In the early morning hours of St. Patrick's Day, police responded to a call from a worker at a local industrial building in Anaheim, Calif. The employee had made a distressing find upon arriving at the site: a man's unmoving legs sticking out from underneath one of the company's cars, Sgt. Shane Carringer tells the Los Angeles Times. When first responders arrived at the scene, they looked at the unnamed man's positioning and the tools he had with him and concluded he'd been trying to yank the Toyota Prius' catalytic converter out and run with it—only the jack holding the car up had failed, and the car ended up crushing him to death, Carringer says. The attempted theft apparently isn't a one-off in the southern part of the state: The Los Angeles County Sheriff's Department says that from 2019 to 2020, there was a 400% spike in the stealing of catalytic converters, a device meant to slash a vehicle's emissions.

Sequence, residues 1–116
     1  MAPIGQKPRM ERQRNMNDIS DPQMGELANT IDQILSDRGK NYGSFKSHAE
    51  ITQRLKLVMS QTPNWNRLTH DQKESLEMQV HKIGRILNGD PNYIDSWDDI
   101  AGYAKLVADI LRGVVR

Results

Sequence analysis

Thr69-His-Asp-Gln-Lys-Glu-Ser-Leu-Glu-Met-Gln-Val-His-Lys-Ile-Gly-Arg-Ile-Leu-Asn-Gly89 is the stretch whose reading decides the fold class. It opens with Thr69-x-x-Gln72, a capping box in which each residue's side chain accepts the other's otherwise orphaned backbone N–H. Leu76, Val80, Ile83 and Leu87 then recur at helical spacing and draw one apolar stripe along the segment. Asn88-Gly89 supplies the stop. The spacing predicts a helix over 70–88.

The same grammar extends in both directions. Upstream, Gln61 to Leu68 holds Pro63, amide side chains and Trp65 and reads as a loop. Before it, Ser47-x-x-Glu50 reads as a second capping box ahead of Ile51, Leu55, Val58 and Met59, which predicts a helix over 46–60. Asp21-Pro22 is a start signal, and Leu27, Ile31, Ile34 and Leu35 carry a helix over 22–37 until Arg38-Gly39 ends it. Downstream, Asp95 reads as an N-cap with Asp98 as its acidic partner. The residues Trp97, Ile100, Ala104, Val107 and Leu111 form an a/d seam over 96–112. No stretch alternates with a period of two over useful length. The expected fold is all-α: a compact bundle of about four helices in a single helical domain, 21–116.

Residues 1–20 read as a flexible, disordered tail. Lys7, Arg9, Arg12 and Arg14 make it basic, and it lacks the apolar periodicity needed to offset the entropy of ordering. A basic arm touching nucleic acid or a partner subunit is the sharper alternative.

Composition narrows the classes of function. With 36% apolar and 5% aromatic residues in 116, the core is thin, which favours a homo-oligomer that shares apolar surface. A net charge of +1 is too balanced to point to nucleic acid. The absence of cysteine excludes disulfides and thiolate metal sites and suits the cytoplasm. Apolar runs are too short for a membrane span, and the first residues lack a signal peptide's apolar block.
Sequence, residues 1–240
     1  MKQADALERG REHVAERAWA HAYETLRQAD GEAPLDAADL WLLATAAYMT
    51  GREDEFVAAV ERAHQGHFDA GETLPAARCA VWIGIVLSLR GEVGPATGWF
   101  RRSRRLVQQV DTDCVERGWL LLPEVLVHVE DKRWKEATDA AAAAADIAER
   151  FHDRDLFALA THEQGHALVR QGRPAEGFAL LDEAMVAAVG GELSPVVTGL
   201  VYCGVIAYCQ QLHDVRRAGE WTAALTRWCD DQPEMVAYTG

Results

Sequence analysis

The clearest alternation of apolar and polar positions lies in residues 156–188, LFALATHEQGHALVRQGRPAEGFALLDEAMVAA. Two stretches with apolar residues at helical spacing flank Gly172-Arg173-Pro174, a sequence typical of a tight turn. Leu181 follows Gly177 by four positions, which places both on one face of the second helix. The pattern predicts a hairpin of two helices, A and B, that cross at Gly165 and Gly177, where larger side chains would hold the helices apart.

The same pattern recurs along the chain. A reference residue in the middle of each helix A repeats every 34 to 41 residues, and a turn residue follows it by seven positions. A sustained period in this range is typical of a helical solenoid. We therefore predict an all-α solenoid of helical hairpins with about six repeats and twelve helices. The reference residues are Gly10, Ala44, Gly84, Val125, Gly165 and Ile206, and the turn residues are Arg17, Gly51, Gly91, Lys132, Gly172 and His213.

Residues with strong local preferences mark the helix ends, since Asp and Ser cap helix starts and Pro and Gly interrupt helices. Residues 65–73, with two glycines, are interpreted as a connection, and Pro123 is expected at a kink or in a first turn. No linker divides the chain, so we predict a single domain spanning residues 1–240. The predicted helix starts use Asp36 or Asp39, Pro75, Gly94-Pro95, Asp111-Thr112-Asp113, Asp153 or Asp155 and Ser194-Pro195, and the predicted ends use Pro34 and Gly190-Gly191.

The National Insurance Crime Bureau notes the same trend across the US, with more than a tenfold jump in such thefts from 2018 to 2020, per NBC Los Angeles. Thieves can get a few hundred dollars for each unit at local junkyards or auto parts dealers. "They're filled with precious metals such as platinum, palladium, and rhodium," the manager of an auto repair shop in Thousand Oaks tells City News Service. "I believe they melt them down and separate the metals and sell them because they're worth more than gold." While car owners can minimize the risk by parking their cars in locked garages or well-lit locations, there's not much they can do once the catalytic converter is swiped, unless they had the foresight to etch their car's VIN into the device. Even if police come across a bunch of stolen units in a raid, "it's like walking in ... and seeing a locker room full of shoes," a rep from AAA tells the Times. (Read more freak accident stories.)